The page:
Five things we learnt from Japan 0-4 Brazil: Problems linger for either side
1) Brazil too reliant on Neymar
It was what the fans had hoped to see. Four goals from Neymar certainly showcased just how good the Brazil captain is right now, and there is no doubt that he will one day win the World Player of the Year, given Lionel Messi and Cristiano Ronaldo are both approaching their 30s.
However, it was appalling how much the Selecao had to rely on him over the course of the first half to get themselves going. Though Diego Tardelli linked up well with Neymar for the opener, most of the Brazil midfielders, especially Oscar, were not doing enough to carve open the Japan defence.
That left Neymar with no other option but to try and single-handedly force openings for himself – which he ultimately managed with aplomb.
2) Then Coutinho came along
The introduction of Philippe Coutinho changed the whole dynamic of the game, however. Far more incisive with his passing than either of Oscar and Willian, the Liverpool attacker’s sense of daring led to him racking up two assists in just 45 minutes of action.
His movement from midfield regularly threw Japan off balance as well, allowing his countrymen to take the game by the scruff of the neck. From that point, Brazil never looked like they would relinquish control.
3) Japan remain very much a work in progress
Much of the pre-game comments from Javier Aguirre centered on blooding Japan’s fringe players for the Asian Cup next January.
But, if anything, the performance of his samurai against Brazil left plenty to be desired, and even more for Aguirre to ponder.
Granted, Japan were not expected to beat the former World Cup winners. Yet their soulless second half collapse – when they let in three goals – already makes defending the Asian Cup seem a tremendous task.
Nevertheless, Aguirre may still be able to draw some measure of hope from his men’s first half display. Japan troubled their more glamorous opponents in attack, and only went one down due to a special Neymar goal.
4) Wanted: A prolific Japanese striker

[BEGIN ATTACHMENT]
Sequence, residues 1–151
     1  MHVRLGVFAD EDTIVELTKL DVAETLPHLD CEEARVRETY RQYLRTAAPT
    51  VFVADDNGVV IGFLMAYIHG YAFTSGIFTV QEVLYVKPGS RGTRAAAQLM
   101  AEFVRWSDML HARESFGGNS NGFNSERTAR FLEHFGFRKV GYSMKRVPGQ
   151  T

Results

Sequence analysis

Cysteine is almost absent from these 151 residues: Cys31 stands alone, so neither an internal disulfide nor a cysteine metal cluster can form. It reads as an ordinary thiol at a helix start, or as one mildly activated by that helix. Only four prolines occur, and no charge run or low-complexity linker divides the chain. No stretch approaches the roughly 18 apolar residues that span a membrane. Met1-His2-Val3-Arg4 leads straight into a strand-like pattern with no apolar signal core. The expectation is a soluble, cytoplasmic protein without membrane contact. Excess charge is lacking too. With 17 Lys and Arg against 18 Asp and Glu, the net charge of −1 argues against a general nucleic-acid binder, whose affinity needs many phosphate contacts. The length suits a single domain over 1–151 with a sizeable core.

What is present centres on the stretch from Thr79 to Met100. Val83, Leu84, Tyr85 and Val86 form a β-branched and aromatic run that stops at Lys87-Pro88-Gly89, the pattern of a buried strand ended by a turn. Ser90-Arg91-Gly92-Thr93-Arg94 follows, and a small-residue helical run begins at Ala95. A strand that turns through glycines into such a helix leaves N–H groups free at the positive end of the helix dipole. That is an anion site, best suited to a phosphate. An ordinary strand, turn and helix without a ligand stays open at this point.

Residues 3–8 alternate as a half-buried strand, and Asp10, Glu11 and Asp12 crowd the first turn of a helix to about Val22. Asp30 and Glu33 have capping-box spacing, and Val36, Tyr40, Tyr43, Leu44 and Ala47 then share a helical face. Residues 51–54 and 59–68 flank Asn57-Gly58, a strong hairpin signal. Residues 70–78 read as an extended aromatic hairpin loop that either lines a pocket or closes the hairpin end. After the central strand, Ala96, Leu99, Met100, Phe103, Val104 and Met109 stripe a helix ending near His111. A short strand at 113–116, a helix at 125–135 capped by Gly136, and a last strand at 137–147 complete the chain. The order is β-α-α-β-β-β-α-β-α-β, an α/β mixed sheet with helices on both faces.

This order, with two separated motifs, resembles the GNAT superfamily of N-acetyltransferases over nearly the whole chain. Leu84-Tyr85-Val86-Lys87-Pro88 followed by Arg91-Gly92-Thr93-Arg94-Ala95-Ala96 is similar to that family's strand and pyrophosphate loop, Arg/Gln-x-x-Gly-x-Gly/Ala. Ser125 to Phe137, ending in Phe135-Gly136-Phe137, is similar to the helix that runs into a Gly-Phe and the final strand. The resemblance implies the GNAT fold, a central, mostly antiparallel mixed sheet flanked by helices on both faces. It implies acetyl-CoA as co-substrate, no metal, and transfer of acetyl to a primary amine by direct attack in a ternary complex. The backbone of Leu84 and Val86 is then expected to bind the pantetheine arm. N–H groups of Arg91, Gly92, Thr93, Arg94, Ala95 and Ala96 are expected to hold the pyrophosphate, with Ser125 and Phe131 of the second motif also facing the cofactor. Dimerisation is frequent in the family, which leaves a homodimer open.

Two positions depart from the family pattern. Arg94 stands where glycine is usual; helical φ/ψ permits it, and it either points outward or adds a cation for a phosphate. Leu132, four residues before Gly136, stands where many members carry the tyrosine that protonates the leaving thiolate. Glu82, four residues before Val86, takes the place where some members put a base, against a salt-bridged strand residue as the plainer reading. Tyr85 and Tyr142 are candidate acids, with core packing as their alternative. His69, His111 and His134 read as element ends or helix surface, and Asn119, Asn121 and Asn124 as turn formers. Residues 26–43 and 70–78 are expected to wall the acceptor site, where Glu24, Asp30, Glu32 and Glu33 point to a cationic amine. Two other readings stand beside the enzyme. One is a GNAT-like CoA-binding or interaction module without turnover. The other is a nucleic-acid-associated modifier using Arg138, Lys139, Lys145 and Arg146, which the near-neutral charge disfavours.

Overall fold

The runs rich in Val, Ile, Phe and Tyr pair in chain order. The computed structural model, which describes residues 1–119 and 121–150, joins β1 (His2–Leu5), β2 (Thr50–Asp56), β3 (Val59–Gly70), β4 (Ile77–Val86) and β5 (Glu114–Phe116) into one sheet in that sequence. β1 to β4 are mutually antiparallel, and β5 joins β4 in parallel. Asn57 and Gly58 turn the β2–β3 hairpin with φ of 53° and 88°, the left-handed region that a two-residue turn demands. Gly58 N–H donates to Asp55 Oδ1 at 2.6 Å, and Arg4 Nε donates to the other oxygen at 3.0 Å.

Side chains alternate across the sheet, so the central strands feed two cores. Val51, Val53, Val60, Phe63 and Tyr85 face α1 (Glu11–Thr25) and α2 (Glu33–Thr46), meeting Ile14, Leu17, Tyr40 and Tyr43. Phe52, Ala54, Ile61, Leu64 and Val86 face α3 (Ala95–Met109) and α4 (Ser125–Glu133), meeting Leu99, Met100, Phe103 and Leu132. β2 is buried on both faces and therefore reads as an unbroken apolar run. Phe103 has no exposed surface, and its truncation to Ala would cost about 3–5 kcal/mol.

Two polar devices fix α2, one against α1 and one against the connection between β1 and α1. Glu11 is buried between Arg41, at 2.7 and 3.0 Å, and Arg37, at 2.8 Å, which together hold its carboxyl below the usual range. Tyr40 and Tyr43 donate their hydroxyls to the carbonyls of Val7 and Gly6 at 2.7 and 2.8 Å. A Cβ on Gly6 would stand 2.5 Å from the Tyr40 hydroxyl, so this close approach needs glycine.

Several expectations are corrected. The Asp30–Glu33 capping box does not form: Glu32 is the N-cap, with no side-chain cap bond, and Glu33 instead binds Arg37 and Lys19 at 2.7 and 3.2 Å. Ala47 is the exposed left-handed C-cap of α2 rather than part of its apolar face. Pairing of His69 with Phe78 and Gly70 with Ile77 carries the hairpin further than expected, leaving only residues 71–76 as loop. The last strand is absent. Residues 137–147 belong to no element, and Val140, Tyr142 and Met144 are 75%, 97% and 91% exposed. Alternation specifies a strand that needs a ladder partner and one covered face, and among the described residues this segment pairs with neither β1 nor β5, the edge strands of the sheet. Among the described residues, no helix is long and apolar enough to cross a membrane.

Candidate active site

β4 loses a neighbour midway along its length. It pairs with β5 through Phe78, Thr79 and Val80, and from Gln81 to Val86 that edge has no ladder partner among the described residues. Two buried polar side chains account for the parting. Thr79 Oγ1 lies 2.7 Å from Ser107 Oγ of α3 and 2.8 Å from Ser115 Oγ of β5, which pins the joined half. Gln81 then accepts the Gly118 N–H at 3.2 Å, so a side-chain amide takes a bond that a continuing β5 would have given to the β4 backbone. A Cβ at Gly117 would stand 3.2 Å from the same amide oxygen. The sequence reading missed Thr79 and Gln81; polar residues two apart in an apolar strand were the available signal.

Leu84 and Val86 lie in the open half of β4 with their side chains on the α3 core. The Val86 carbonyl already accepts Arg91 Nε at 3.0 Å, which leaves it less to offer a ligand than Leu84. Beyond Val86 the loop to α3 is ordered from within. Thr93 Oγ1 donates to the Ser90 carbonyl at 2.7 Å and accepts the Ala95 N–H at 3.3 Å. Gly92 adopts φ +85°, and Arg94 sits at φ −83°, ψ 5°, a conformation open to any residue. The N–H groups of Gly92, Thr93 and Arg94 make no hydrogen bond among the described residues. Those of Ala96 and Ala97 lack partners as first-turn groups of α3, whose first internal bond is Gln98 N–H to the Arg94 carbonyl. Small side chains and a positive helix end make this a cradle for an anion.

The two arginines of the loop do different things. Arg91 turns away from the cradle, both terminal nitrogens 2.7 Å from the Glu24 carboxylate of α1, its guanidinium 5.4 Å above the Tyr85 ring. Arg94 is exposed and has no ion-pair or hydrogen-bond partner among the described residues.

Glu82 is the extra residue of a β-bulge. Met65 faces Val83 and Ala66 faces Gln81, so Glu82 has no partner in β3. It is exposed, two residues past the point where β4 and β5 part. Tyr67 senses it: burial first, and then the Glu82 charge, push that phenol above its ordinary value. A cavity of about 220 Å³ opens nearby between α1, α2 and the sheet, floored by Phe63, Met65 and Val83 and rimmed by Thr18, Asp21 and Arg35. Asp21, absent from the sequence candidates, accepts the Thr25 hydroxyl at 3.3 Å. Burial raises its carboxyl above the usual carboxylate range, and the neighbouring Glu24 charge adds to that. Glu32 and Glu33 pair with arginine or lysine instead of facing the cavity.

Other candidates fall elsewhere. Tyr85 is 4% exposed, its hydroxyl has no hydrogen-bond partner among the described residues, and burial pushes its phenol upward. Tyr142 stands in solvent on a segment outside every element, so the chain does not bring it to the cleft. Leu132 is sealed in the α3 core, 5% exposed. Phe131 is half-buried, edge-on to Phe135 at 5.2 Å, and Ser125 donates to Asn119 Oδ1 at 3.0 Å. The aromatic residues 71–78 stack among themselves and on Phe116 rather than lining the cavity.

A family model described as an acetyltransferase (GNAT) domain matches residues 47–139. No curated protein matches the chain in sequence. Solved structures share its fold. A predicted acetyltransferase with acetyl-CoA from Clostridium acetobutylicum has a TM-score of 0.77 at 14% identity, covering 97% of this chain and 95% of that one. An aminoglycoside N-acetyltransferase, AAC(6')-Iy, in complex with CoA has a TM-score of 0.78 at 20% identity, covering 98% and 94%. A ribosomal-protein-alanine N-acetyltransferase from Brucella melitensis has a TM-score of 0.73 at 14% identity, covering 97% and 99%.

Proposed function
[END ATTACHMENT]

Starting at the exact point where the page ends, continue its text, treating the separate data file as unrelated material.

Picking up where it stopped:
By now, it should be clear that Shinji Okazaki is not the striker to take Japan to the next level on the international stage.
The 28-year-old Mainz striker may have scored 39 goals for the Samurai Blue so far, but once again, lacked the necessary presence to trouble a top-class team.
Standing just 1.74 metres tall, Okazaki struggled to hold up the ball against the imposing Brazil centre-back pairing of Gil and Miranda. And with Javier Aguirre appearing unimpressed by the hulking Mike Havenaar who played no part on Tuesday as a result, the search is definitely still on for that forward who can change a game.
5) A packed national stadium is deafening indeed
Japan versus Brazil was the first time that the newly-rebuilt National Stadium sold out, and the resulting noise packed an aura that raised goosebumps.
At times, the domed roof looked like it was about to be blown off, so strained was it trying to contain the cheering of the fans. Once Neymar bagged his four goals, chants of his name that filled the air were truly deafening.
The spectacle was unique and unlike anything seen in Singapore before, leaving Brazil’s left-back Filipe Luis to commend the fans for pushing on his team during the game.
Now the onus is on the Singapore support to replicate such a performance in this majestic structure this coming December, when the Lions face historical rival Malaysia as well as Thailand in the AFF Suzuki Cup.